I’ve been swimming around in Burnt Sugar‘s music for almost 20 years. The first album I bought was Black Sex Y’all Liberation & Bloody Random Violets, released in 2003. Very soon afterward, I picked up their back catalog — 2000’s Blood on the Leaf, Opus No. 1 and the 2001 trilogy That Depends On What You Know (reviewed here), all on CD-R in very nicely art-directed packaging, all bought from Downtown Music Gallery. From that point on, whenever they released something new, it was an automatic purchase from me. I saw them live twice, both times at the Vision Festival: first in 2004, when Vijay Iyer and Matana Roberts were still in the band, and again in 2012. At this point, they’ve released eight studio albums — counting the trilogy as one — three live albums, a rarities compilation, and a three-volume “best-of,” plus an album by Rebellum, a self-described “avant funk & roll splinter cell.”

Their latest release, Angels Over Oakanda, is their first in four years, following 2017’s All You Zombies Dig the Luminosity. It’s just four tracks long, but counts as an album in my book since it nudges the 40-minute mark. (The digital edition, available on Bandcamp, adds two tracks and nearly a half hour to the running time.) They’ve always mixed the organic with the electronic, always chopped up their guided improvisations in Pro Tools or by other means, but this record shares with its immediate predecessor a deep affinity for remix culture and the creative possibilities of the laptop.

The opening title track is a nearly 19-minute marathon that swirls through the room like a cloud of green and purple smoke, a deep dub-funk groove anchored by the group’s longtime secret weapon, baritone saxophonist “Moist” Paula Henderson. Other horns (trumpeter Lewis “Flip” Barnes, alto saxophonist Avram Fefer, tenor and soprano saxophonist V. Jeffrey Smith, and flutist Satch Hoyt are all present) may seize more spotlight time, but her deep and perfectly on-time contributions are the glue that holds the arrangements together, as bassist Jared Michael Nickerson, guitarists Ben Tyree and André Lassalle, keyboardist Leon Gruenbaum, drummer Greg Gonzalez and percussionist Shelley Nicole journey through zones that nod to electric Miles Davis, Mwandishi-era Herbie Hancock, the spacier side of the Kudu Records catalog, and the instrumentals that used to pop up on Earth, Wind & Fire albums. It fades in and drifts away, as though it’s just one section of an endless musical conversation that spans all of Black history (which one could say about the Burnt Sugar catalog as a whole).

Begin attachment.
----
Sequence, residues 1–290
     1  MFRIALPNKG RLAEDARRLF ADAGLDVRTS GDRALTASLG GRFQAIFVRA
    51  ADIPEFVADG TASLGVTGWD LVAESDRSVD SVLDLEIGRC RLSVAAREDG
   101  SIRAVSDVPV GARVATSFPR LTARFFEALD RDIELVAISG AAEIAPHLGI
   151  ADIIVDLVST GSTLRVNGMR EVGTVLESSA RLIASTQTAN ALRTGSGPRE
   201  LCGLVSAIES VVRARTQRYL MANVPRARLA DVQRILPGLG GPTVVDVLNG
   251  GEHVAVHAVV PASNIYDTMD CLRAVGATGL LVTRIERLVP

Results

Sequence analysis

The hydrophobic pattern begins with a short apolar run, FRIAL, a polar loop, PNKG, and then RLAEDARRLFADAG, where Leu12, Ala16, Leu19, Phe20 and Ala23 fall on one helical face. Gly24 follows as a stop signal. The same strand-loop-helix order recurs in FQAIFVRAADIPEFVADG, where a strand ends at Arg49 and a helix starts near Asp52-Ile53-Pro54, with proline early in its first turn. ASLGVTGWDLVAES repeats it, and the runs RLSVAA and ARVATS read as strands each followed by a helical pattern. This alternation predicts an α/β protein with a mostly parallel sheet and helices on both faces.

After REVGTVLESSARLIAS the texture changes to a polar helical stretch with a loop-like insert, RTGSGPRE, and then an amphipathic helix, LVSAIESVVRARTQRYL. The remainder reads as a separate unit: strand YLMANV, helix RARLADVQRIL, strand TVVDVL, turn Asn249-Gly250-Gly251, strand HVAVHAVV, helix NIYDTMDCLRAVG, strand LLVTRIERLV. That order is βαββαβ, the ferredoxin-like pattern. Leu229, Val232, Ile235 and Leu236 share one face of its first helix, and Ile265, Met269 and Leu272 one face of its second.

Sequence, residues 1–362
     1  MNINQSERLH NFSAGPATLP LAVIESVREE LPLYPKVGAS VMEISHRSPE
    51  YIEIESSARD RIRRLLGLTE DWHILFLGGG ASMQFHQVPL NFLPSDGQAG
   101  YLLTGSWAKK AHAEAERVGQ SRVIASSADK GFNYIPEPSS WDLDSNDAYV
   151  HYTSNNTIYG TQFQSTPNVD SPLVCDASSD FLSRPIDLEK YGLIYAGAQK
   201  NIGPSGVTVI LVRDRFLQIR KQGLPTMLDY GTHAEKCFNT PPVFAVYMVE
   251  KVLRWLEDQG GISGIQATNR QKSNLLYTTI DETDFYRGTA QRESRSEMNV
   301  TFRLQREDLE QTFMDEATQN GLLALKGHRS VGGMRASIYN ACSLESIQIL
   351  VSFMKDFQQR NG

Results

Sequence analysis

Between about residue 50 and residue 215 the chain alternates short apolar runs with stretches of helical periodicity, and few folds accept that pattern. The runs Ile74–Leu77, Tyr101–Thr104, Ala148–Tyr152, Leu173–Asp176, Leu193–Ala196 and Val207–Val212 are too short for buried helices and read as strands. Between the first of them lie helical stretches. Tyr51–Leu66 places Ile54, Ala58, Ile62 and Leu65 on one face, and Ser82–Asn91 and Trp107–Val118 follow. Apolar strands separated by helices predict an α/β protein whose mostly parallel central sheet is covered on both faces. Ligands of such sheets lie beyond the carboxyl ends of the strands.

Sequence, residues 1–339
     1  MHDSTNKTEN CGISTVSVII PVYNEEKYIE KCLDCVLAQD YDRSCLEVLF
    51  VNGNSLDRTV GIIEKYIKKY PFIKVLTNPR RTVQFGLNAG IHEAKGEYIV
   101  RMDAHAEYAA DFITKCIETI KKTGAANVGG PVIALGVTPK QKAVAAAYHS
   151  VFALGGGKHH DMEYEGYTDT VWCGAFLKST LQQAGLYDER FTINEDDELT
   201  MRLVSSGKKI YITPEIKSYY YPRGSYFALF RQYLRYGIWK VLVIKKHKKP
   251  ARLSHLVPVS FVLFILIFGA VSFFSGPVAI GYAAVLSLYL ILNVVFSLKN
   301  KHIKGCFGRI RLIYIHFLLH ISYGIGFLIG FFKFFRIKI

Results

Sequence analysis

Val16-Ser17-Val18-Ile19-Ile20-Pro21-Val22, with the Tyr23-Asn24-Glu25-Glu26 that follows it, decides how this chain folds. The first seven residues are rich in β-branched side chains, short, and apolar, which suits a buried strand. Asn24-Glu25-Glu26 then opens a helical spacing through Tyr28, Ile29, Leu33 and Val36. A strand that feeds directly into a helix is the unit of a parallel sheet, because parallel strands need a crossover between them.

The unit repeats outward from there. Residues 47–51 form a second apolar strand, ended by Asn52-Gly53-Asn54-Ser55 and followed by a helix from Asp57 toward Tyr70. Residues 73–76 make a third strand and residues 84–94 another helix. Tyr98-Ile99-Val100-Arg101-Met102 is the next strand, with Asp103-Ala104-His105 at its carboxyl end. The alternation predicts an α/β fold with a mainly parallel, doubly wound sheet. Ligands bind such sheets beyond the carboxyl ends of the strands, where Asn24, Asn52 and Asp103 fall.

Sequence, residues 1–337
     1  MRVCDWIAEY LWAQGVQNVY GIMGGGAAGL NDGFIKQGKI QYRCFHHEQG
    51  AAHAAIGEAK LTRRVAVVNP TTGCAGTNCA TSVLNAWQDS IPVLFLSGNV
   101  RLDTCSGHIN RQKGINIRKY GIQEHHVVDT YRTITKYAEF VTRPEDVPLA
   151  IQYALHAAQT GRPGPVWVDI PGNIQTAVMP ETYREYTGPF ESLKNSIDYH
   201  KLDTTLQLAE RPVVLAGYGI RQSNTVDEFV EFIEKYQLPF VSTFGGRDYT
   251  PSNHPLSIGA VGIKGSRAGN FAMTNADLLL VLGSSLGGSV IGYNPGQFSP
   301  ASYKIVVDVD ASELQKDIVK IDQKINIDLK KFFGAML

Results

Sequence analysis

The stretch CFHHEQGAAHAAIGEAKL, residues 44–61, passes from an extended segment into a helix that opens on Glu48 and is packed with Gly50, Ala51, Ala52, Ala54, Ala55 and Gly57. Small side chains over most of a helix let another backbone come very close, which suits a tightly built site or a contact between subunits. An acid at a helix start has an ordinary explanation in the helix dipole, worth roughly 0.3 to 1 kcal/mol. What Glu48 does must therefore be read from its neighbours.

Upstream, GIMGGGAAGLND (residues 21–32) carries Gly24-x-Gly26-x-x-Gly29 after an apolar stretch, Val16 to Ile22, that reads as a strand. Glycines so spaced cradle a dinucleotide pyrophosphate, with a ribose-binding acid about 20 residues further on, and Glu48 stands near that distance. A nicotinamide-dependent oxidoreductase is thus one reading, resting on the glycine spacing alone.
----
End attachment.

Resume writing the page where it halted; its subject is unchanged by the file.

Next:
What follows are three kinda-sorta remixes, each one radical enough to exist as its own thing. “Repatriation-of-the-Midnight-Moors” was constructed by Marque Gilmore tha’ Inna•Most, a producer who also drums with the group and collaborates with them on arrangements. For 12 minutes, the beat pounds and a soft flute loop hypnotizes the listener, with fast handclaps keeping time and wordless vocals cooing in and out every once in a while.

The third track, “Oakanda Overdrive,” is a collaboration between Nickerson and Smith that features plenty of tenor sax (shadowed by flute), supported by a changing-same bass groove and layers of keyboards and percussion. Like the first track, it feels both organic and electronically altered, weird electronic accents emerging at times like the robots listening in have decided they want to join the party.

The final track on the CD version, “Lisala Over Inna-Oakanda,” is the only one with lyrics; it features vocalist Lisala Beatty singing BS co-founder Greg Tate‘s lyrics over portions of “Repatriation,” versioning the shit out of it. Whether you buy the four-track CD or the six-track digital version, this is right up there with the best of Burnt Sugar‘s work, and shows that well into their third decade of existence, they have yet to reach the limits of their potential.

(Side note: an early, shorter version of “Angels Over Oakanda,” titled “Oakanda Spoonful,” can be found on Eyes Shut, Ears Open: A Burning Ambulance Compilation. Grab it on our Bandcamp page.)

Phil Freeman

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